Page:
Yes a ZX10R is a wonder piece of automotive engineering, but does it make sense in a world where fuel is expensive, congestion is rife and money is tight? Motorcycling is it’s own worst enemy. If that doesn’t change then it will become extinct.

  3. Teapot permalink
    August 9, 2011 10:35 am

    Hmmm, can’t help feeling that if the EU ruled that all PTWs must have at least a three year warranty and a five year anti-corrossion warranty that it would keep the cheap Chinese exports out. This would also get european manufacturers to tighten up on the sometimes shoddy manufacture and cheap materials they use.

    I’m not sure we have any rights regarding the industry. They will rip us off and give shoddy service as long as we put up with it. New visor £40+ ? Because we don’t shout that it’s too much for a piece of plastic. Panniers and top box for a new Honda around £1,000 ? Just say no! What surprises me is that more small manufacturers haven’t stepped in with cheaper options. To be fair, some have, but we could do with more. Of course, we get what we deserve, so if for most people motorcycling is a leisure activity for a few days a year, they’re not too bothered about the cost. If it’s your mode of transport all year round, then you’re being ripped off big time. I strongly suspect that the industry has largely moved away from the transport angle, as the profit margin is low; what company wants to sell something that just keeps going with low maintenance costs that you might just ride for many years?

  4. Dave permalink
    August 10, 2011 2:00 pm

    A chinese company teapot, a chinese one. I think that’s the issue…

    The warranty stuff is a good idea but you and I both know that the costs would get passed on to the customers so all we’d get is the same bikes but more expensive.

    A transport mode where the manufacturers have moved away from transport. I reckon you’ve hit the nail on the head there.

  5. Elaine permalink
    August 12, 2011 2:57 pm

    Ignore China at your peril….

    The number of imported motorcycles and scooters from the China has reached significant volumes, far above 300,000 units since 2007and representing a market share in the range of 15%.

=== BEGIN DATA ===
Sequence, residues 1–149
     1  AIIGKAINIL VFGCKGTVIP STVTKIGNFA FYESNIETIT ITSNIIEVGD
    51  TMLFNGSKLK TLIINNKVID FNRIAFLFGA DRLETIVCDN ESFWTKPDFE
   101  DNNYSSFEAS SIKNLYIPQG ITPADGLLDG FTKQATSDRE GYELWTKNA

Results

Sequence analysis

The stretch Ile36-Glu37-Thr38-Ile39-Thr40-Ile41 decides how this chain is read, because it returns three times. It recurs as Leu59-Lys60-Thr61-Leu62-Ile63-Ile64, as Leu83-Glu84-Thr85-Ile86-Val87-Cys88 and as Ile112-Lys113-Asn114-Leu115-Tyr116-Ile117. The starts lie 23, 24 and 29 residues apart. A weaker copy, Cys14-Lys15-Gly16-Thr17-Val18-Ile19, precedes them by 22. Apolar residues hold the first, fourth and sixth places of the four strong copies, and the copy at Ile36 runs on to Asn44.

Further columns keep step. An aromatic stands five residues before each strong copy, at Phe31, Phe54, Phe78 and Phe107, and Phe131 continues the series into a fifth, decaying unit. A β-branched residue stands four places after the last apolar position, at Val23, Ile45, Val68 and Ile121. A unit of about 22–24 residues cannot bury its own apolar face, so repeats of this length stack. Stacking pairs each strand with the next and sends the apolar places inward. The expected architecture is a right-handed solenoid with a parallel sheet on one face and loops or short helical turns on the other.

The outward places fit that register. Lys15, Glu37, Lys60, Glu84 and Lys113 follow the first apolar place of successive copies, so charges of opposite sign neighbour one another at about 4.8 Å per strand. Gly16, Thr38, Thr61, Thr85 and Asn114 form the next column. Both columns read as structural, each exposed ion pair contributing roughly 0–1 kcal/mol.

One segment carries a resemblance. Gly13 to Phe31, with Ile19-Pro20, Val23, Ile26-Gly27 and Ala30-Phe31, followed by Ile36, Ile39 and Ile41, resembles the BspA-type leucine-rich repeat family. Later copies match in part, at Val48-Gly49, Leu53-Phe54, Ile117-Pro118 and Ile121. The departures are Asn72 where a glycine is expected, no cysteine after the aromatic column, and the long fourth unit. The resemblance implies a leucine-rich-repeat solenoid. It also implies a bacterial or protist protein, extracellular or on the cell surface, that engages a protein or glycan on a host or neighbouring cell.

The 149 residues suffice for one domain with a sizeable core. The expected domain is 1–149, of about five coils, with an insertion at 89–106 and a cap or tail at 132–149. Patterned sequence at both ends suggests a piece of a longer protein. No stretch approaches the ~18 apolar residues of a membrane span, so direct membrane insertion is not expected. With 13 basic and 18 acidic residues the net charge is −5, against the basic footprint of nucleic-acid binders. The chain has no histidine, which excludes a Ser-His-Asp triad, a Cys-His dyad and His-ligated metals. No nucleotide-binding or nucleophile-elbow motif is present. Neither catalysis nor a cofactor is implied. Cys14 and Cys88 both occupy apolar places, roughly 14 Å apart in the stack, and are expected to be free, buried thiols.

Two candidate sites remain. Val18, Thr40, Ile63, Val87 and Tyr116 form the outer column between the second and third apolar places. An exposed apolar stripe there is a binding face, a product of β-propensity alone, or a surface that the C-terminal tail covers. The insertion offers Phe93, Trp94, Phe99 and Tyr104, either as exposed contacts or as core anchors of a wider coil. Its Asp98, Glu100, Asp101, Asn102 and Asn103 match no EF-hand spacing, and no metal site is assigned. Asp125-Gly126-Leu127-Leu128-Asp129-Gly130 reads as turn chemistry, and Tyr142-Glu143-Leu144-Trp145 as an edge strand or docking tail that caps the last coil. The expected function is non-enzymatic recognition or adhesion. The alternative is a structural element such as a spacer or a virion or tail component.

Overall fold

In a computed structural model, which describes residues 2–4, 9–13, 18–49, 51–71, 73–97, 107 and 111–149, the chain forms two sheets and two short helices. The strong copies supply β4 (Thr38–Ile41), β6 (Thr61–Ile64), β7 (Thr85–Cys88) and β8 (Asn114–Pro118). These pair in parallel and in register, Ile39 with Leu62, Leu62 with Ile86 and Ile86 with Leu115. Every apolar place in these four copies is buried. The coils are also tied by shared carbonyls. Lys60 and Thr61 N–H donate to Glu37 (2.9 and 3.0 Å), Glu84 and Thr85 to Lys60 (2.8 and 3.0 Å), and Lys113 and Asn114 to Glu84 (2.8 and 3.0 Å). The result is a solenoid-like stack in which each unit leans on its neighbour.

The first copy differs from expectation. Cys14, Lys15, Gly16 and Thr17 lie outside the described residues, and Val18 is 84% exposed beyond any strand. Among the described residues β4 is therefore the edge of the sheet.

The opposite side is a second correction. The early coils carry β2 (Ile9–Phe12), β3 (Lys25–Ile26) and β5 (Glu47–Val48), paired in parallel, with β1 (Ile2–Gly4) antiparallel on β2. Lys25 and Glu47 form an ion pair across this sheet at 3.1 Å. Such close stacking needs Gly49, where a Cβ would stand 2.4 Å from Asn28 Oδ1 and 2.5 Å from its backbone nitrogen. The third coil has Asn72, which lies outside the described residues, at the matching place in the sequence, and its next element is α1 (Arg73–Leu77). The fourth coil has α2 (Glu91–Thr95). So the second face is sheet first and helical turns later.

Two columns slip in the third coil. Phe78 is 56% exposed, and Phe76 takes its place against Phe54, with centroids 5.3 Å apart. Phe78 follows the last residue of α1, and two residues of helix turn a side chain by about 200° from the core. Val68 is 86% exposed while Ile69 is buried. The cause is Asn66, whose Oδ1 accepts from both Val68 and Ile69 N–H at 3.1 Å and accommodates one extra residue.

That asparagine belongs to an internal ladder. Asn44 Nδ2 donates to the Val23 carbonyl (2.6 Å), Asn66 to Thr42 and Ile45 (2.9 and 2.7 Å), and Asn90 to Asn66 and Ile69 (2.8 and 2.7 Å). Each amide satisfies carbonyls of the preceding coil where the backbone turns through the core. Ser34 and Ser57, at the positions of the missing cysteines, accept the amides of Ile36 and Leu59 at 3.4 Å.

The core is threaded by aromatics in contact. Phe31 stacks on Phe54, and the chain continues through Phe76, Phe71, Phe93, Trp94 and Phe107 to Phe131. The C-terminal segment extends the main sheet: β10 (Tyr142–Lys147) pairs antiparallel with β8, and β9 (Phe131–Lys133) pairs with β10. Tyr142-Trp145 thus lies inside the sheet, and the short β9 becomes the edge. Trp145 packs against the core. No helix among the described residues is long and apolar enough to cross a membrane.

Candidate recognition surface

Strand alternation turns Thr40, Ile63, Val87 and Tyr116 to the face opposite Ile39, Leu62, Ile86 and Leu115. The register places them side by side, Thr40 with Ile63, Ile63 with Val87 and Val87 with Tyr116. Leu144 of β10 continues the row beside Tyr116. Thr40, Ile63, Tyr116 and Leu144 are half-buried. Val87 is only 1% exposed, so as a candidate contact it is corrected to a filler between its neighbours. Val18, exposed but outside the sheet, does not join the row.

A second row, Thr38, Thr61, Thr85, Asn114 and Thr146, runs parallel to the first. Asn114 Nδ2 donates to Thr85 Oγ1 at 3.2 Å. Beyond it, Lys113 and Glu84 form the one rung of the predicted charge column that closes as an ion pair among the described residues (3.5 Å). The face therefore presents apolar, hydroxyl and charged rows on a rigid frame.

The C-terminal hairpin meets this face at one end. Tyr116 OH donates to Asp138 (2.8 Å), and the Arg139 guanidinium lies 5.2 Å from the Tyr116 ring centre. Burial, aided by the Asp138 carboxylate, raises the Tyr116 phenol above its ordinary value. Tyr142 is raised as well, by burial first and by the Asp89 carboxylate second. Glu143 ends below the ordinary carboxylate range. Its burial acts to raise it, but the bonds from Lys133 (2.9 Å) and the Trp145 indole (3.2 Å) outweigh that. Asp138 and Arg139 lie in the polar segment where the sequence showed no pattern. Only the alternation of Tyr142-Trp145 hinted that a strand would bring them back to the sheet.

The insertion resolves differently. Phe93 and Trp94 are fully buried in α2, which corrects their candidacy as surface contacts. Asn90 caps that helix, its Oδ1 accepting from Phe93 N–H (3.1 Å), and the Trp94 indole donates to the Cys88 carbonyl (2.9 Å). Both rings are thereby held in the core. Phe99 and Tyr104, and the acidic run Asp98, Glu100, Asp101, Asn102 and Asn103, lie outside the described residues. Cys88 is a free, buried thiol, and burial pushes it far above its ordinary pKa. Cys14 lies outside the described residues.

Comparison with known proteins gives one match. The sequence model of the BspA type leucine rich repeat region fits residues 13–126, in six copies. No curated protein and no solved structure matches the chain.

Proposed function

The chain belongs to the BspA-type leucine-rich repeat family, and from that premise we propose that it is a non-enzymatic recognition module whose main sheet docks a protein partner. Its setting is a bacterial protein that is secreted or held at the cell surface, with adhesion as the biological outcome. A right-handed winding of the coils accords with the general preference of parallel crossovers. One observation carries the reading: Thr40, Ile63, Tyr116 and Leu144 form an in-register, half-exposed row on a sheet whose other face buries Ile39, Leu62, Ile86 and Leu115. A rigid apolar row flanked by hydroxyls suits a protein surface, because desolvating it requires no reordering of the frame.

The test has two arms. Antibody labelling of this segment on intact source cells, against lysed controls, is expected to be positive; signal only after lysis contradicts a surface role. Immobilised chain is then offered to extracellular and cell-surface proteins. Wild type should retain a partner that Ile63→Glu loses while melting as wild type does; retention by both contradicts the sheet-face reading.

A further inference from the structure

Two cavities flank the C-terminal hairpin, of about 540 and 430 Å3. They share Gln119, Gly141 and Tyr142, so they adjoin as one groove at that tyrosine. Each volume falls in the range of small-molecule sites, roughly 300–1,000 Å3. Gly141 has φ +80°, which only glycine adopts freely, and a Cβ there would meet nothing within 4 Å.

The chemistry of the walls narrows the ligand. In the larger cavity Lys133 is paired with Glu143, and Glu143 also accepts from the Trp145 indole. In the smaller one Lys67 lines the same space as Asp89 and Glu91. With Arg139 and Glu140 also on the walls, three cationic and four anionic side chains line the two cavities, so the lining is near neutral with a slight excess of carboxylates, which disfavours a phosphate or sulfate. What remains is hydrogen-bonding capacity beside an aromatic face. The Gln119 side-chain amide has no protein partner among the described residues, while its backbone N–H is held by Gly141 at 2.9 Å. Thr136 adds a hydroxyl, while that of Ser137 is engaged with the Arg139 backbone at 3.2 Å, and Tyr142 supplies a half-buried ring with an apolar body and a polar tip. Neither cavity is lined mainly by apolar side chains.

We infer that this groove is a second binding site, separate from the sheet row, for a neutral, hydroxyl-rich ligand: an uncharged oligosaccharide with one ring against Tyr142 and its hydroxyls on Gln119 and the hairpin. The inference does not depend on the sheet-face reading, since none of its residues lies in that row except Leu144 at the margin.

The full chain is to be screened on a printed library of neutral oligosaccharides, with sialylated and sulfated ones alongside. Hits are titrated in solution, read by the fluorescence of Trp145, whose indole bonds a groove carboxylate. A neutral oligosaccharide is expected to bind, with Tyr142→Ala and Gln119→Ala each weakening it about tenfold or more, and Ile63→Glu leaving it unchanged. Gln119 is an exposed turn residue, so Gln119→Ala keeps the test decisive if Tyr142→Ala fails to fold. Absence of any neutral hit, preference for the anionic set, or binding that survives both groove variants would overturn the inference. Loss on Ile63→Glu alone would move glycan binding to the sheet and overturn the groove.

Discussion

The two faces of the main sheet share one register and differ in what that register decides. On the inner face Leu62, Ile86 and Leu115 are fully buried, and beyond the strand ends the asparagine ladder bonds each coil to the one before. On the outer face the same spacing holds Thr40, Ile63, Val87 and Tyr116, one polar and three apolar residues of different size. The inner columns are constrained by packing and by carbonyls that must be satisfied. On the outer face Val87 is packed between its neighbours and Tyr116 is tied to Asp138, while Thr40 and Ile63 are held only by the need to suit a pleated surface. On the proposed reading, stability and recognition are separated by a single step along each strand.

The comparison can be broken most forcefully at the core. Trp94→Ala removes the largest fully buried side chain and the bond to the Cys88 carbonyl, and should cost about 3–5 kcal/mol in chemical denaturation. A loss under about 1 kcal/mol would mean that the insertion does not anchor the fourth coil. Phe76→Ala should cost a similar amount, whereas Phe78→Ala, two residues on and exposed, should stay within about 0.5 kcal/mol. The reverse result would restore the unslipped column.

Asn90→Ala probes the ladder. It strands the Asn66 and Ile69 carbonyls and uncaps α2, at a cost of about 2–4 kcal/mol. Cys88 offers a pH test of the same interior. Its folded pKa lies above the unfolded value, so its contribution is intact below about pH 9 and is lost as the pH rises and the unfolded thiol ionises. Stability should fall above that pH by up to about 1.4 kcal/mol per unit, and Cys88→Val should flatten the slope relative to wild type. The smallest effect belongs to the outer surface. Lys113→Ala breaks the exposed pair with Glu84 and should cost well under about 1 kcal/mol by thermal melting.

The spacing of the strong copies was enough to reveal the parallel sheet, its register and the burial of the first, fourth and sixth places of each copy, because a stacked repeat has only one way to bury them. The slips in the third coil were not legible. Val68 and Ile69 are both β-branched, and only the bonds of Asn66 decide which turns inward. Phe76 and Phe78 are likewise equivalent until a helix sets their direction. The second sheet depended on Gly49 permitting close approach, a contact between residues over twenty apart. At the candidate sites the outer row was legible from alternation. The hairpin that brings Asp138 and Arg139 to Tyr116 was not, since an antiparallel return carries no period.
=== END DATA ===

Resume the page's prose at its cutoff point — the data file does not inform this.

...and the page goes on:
There is already a system in place within the EU regarding shoddy products: RAPEX (the EU’s Rapid Alert System for non-food consumer products) notifications concerned products of Chinese origin were 52% of the cases flagged up in 2007. In 2008 they were 59%.

    In 2007 UK’s Department for Transport (DfT) carried tests out on 4 PTWs as part of its Type Approval compliance programme. All four motorcycles were manufactured in China by major Chinese manufacturers. The vehicles in question were sourced from Internet suppliers. Two of the vehicles were supplied in crates in semi knock down condition, to the purchaser’s home address and lacked any form of assembly instructions. The other two were supplied fully built to the purchaser’s home address.

    Registration documents and Certificates of Conformity (CoC) were received separately by post. However, the cost of CoP testing is sufficiently expensive to limit the number of samples that Member state competent authorities are willing to test – so the Chinese manufacturers and their importers play the system.

    The EU Commission (DG Enterprise) has been debating the Framework Regulations (market surveillance blah blah) for motorcycles. The representative of the European Commission wrote

    “In order to obtain whole vehicle type approval the OEM must demonstrate this obtained balance of
    the three pillars to the Type Approval (TA) authorities with a representative new / degreened vehicle.
    After obtaining Whole Vehicle Type Approval the OEM must provide evidence in the shape of
    Conformity of Production (COP) to the TA authority that the production vehicles do not differ from the demonstration vehicle. Through a Certificate of Conformity (CoC) the OEM guarantees to the end-user that vehicles comply with the TA requirements as demonstrated to the TA authorities. The OEM can only be held responsible for this guarantee as long as it is under their control, so only if these pillars are not modified in an unauthorised way”.

    Perhaps our EU civil servants and politicians need to recognise that the modification of motorcycles using type approved parts is an important and profitable European industry, which does not need restricting through anti-tampering legislation.

    Equally the introduction of mandatory ABS, AHO and OBD will simply drive up the cost of motorcycles in Europe and while this may keep out Chinese bikes (in the short medium term), it will create more restrictions and cost for the poor shit that just wants to have a means of transport that doesn’t cost the earth.

    Rather than destroying our motorcycle aftermarket industry with unnecessary legislation, our civil servants would do far more for Europe by halting shoddy non-compliant products arriving on our shores from China – using the systems that are already in place.